When you just got back from a fairly impromptu trip abroad, and it’s quite late already, and you still need to get everything in order for tomorrow morning because, well, you have to get back to work after all and act like your head is right where it should be, you have several options. Mine involves food, necessarily.
Only instead of grabbing whatever’s available in my fridge only to postpone the inevitable moment where I will have to do my laundry, I’ll tell you a little bit about olive oil cookies. I found out about them in a cookie cookbook, and I thought it was a refreshing departure from the million cookie recipes you’ve browsed through in the past. Isn’t it? Then it got tricky. I realized WHY butter is paramount in the process of making cookies. For one thing, a cookie dough made with olive oil is pre-tty sticky. And that’s a euphemism. After a total mess of a first batch, I resolved to get out there again and confront my fear of sticky dough all over your
kitchen fingers. I am happy to say that I did conquer.
The other odd thing is that olive oil cookies don’t actually taste like olive oil — the main difference lies in the texture. That’s when lime comes in handy, its tang balancing perfectly the sandy softness brought by the olive oil. I think it was an overall success, but I’ll let you be the judge. Meanwhile, I’m going to go unpack.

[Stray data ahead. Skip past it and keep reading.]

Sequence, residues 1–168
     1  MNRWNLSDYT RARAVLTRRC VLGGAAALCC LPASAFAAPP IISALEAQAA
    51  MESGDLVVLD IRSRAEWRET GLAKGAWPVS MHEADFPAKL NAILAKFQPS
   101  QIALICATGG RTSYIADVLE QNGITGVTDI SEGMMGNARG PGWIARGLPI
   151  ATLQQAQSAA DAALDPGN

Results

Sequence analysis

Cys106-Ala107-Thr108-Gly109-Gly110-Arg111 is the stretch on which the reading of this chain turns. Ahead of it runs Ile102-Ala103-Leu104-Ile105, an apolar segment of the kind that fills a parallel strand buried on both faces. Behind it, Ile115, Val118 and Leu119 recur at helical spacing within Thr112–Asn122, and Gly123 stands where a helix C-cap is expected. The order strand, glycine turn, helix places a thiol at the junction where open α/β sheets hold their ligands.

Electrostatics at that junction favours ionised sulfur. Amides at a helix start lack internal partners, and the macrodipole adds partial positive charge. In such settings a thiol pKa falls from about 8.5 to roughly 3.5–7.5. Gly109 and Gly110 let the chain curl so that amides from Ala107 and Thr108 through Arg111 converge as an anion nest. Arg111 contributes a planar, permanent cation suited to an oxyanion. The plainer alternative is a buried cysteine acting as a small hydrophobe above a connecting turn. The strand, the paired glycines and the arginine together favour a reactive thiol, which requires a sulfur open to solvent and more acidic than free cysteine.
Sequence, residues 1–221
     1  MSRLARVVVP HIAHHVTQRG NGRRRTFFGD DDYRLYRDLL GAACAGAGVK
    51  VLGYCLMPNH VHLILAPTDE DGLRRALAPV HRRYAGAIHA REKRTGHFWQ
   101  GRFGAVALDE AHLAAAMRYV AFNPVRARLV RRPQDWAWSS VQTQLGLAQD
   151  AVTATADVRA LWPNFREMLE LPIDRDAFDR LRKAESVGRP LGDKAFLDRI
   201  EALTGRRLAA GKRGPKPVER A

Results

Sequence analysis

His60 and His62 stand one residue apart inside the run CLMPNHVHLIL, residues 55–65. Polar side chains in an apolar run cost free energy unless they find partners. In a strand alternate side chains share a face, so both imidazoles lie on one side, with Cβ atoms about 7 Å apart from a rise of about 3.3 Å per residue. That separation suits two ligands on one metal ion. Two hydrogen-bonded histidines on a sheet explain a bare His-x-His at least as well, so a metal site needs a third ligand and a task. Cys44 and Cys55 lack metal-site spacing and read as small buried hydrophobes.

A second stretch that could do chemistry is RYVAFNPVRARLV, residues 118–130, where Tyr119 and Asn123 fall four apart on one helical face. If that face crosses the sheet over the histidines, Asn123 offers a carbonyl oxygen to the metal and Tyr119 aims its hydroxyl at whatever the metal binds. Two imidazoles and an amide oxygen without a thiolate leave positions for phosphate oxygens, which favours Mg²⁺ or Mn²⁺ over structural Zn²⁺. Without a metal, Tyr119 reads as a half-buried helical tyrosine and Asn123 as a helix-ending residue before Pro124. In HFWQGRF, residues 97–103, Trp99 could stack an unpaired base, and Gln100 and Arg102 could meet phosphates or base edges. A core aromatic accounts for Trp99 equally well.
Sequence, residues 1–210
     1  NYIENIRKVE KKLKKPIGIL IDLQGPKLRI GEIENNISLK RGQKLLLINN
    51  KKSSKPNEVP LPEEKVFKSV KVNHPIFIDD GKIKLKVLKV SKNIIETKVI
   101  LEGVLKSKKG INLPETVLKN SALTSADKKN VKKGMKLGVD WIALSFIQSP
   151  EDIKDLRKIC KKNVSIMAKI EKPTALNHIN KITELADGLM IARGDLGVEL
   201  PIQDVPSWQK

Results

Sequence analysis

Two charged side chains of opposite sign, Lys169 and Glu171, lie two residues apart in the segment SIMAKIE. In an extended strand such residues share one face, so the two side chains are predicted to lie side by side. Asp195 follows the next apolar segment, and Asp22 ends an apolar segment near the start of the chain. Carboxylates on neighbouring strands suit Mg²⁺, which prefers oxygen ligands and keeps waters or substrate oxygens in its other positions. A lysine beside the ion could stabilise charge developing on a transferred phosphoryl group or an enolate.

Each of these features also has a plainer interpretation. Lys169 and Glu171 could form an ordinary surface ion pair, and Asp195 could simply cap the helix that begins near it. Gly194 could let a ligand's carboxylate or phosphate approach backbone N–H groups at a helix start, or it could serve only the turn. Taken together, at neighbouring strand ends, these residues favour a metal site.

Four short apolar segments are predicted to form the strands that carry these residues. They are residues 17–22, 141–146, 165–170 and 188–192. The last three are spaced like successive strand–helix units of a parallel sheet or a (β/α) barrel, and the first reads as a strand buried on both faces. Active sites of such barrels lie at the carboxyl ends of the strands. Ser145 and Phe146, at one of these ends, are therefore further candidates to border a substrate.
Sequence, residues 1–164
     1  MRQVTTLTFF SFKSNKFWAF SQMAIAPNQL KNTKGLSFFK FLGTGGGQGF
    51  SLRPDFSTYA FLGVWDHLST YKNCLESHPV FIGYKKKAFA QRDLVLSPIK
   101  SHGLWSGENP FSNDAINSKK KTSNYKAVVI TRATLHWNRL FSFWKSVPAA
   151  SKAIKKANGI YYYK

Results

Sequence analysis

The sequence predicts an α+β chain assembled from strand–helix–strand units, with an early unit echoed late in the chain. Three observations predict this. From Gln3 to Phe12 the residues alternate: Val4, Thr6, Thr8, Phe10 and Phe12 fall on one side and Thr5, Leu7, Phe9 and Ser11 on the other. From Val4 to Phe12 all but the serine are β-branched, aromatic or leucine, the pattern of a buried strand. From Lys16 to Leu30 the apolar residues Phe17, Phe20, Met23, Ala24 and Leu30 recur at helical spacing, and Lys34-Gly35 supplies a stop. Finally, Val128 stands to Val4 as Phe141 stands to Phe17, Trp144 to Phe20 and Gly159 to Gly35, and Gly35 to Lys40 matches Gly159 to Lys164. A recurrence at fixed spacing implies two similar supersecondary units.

Olive oil lime cookies
Prep time: 15 minutes
Chill time: 1 hour
Cooking time: 15 minutes
Yields 15 cookies
- 1 egg + 1 egg yolk
- 1 cup flour
- 1/4 cup sugar
- zest of 1 lime
- 1 tbsp + 2 tsp olive oil
- 1 pinch of salt
1. Beat the eggs and sugar with an electric mixer until pale. Beat in the olive oil.
2. In a medium bowl, mix the flour, salt and zest. Stir in the egg mixture with a spatula, until smooth. Shape into a ball and refrigerate for 1 hour.
3. Preheat oven to 340°F. Line a baking sheet with parchment. Generously flour a work surface and your rolling pin, and roll out the dough into 1/5″ thick sheet. Cut into 2″ diameter cookies (with an upside down glass or with a cookie cutter), and place on prepared baking sheet.
4. Bake for 10 to 20 minutes, checking frequently, until the edges just start to get golden (do not overbake!) Let cool completely before serving.
- Do not hesitate to add a bit of flour to the dough if it’s still too sticky after it’s been chilled; it will make it easier to work with. I did add quite a bit of it myself.
Source: Biscuits de tasse, by Lucia Pantaleoni.